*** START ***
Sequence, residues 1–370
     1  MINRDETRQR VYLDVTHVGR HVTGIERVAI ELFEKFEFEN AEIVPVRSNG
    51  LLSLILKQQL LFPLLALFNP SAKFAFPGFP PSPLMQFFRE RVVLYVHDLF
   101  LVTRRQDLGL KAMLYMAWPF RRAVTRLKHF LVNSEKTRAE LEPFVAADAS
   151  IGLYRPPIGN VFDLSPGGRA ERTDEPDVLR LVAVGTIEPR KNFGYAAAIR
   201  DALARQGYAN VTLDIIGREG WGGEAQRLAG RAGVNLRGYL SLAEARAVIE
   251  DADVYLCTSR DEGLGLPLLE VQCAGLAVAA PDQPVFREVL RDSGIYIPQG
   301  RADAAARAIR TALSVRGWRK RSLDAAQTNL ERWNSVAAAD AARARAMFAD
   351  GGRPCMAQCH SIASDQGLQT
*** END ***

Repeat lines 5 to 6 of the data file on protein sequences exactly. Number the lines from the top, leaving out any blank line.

   151  IGLYRPPIGN VFDLSPGGRA ERTDEPDVLR LVAVGTIEPR KNFGYAAAIR
   201  DALARQGYAN VTLDIIGREG WGGEAQRLAG RAGVNLRGYL SLAEARAVIE